Rules are clear on court appointment

The debate about whether President Barack Obama should nominate and the Senate should confirm someone to fill the Supreme Court vacancy created by the death of Justice Antonin Scalia is an example of politics at its worst.

Within hours of Scalia’s death, Republicans were united in their view that Obama should leave the seat open and let his successor fill the spot on the court.

To rationalize their view that the president and Senate should abdicate their constitutional responsibility to fill the seat on the court, they used the "American people" as cover.

"I believe the Senate should not move forward with the confirmation process until the American people have spoken by electing a new president," said New Hampshire Sen. Kelly Ayotte. The Nashua Republican said in a statement that "Americans deserve an opportunity to weigh in" on the Supreme Court pick.

Ayotte has lots of company in her view, including Senate Majority Leader Mitch McConnell and the entire field of Republican presidential candidates.

It’s a virtual certainty they would all be singing a different tune were the current occupant of the White House a Republican, just as Democrats would be arguing against a nomination were the president a Republican.

The Constitution is clear about the process for filling a court vacancy: The president nominates someone, and the Senate confirms or rejects the nomination.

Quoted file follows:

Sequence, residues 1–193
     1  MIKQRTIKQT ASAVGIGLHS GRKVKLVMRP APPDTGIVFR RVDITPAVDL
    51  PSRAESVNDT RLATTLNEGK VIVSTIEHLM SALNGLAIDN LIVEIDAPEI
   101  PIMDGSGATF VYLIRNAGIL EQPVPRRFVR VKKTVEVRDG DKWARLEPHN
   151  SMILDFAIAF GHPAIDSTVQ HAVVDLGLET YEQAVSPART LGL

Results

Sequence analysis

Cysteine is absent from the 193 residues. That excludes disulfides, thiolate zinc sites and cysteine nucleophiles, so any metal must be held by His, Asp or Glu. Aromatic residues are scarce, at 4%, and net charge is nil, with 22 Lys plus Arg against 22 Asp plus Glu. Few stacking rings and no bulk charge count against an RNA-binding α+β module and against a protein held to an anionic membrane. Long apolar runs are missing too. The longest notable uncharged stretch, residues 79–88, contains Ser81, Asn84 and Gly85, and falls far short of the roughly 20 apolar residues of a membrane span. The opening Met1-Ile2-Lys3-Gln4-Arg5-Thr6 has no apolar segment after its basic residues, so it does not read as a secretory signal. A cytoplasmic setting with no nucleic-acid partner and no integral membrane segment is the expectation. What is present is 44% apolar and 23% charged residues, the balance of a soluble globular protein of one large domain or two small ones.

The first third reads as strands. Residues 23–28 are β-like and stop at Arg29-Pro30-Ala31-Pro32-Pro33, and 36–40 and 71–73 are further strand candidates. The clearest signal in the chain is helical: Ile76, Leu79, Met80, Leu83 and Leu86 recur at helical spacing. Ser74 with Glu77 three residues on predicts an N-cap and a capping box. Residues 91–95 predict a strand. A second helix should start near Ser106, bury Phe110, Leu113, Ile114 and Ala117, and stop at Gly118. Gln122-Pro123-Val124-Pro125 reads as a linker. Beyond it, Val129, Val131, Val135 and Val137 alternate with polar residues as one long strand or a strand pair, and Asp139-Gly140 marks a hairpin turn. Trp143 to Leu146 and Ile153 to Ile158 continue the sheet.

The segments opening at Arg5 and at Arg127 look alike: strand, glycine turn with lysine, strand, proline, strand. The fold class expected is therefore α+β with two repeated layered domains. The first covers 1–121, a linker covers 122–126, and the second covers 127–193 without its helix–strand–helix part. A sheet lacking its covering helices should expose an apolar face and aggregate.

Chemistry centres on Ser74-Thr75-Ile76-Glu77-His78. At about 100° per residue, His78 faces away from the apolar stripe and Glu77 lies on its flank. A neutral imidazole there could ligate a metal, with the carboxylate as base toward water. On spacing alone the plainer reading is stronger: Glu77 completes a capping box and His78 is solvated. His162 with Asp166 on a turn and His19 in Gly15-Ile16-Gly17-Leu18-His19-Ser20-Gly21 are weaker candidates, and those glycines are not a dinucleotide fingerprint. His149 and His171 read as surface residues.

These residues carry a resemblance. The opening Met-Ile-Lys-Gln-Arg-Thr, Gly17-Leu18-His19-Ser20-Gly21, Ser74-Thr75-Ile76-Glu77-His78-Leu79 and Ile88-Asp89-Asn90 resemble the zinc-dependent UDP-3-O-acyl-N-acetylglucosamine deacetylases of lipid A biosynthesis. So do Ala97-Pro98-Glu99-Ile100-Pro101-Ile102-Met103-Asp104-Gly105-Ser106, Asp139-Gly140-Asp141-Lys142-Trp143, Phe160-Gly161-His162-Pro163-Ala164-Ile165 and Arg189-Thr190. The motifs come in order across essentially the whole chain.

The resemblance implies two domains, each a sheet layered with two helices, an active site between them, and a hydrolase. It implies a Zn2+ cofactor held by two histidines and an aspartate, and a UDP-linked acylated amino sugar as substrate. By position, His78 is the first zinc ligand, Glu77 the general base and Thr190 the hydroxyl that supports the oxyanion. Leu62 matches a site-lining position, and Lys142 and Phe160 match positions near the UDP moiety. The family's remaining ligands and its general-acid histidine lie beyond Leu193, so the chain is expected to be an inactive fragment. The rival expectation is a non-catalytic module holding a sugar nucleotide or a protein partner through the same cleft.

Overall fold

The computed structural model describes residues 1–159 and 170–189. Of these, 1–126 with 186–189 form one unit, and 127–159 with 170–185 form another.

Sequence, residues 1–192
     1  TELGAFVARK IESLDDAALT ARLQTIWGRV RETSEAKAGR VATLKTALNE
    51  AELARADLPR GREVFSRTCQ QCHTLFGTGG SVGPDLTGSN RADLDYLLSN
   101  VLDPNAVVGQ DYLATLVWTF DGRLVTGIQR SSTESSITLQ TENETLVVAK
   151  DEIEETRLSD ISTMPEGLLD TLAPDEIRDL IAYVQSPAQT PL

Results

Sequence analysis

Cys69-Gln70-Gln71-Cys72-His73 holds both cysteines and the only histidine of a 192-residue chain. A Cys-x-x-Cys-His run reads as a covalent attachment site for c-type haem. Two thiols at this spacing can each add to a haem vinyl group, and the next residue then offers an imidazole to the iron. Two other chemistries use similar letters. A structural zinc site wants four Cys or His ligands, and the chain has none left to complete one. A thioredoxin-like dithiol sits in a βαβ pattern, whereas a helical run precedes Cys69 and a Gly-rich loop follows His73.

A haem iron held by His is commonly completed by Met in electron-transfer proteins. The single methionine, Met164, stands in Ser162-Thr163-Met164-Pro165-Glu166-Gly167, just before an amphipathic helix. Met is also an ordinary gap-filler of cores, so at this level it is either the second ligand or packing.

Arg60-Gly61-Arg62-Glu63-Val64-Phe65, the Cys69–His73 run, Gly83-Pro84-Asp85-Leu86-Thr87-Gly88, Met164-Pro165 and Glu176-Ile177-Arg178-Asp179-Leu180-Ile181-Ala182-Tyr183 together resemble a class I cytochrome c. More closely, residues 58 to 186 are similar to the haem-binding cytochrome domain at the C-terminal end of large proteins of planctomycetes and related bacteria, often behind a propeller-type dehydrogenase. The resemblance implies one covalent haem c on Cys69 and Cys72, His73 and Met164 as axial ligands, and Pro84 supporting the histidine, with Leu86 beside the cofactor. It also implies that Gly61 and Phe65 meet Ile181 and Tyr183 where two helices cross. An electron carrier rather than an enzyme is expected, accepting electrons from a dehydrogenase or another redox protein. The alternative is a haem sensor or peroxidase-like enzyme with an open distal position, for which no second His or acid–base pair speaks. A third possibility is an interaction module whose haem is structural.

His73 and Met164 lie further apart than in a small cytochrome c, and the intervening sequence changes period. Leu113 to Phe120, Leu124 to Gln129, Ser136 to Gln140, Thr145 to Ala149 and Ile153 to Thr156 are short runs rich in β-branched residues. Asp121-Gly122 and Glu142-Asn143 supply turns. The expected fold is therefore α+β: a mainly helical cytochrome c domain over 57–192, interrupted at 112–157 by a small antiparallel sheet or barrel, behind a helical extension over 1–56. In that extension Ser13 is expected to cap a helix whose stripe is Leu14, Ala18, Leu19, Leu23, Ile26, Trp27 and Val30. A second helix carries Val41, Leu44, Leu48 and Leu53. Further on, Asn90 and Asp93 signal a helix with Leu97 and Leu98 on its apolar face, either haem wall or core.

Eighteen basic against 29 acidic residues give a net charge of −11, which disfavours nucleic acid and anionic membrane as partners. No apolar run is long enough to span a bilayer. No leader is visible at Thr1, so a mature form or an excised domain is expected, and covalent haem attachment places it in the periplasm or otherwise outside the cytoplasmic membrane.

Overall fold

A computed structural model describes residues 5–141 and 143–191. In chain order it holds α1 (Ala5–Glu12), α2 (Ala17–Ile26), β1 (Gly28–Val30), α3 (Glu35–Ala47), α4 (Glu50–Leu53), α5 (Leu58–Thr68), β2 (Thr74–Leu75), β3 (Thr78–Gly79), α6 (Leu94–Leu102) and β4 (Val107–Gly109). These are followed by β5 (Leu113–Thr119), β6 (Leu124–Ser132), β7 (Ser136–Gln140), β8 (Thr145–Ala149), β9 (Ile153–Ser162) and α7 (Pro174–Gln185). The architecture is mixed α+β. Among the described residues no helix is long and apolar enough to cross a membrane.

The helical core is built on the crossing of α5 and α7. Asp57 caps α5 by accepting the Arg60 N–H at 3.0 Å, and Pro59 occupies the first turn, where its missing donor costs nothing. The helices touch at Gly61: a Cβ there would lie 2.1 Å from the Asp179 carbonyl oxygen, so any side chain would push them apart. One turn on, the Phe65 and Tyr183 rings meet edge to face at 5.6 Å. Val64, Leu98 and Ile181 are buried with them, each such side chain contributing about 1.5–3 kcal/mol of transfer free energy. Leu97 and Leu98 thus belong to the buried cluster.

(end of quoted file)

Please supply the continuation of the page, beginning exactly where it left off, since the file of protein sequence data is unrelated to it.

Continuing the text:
The world does not stop spinning in an election year, nor does the Constitution cease to be the Constitution, though you’d never know it from some of the rhetoric that’s being bandied about.

"Because actually, it’s not just for the Supreme Court, even for appellate courts – both parties have followed this precedent," Sen. Marco Rubio said on NBC’s "Meet the Press." "There comes a point in the last year of the president, especially in their second term, where you stop nominating, or you stop the advice and consent process."

PolitiFact rated that statement false.

It’s entirely common for presidents to make judicial nominations in the final months of a term. George W. Bush nominated several people to the federal bench, as did Bill Clinton before him. Ronald Reagan even got a Supreme Court appointment through in an election year; Justice Anthony Kennedy, in fact, still sits on the court.

And while it’s true that election-year Supreme Court nominations are rare, that’s only because Supreme Court slots don’t come open very often. There are, after all, only nine of them.

The notion that the Senate should wait until voters "weigh in" is a red herring trotted out for political convenience. Voters don’t elect Supreme Court justices, nor does nominating a successor to Scalia’s seat mean the public can’t "weigh in" on a choice for the Supreme Court. They regularly do so when a vacancy comes open by calling their U.S. senators to voice their opinions, regardless of the nominee.

The Constitution says what it says, and the fact that this is an election year doesn’t change that, even if it happens to be politically inexpedient for one of the parties.

If Ayotte and other Senate Republicans want to block Obama’s nomination, that’s their prerogative – but there should be hearings on the nominee and, ultimately, a vote.

Because the Constitution shouldn’t be twisted to suit the fancy of any political party.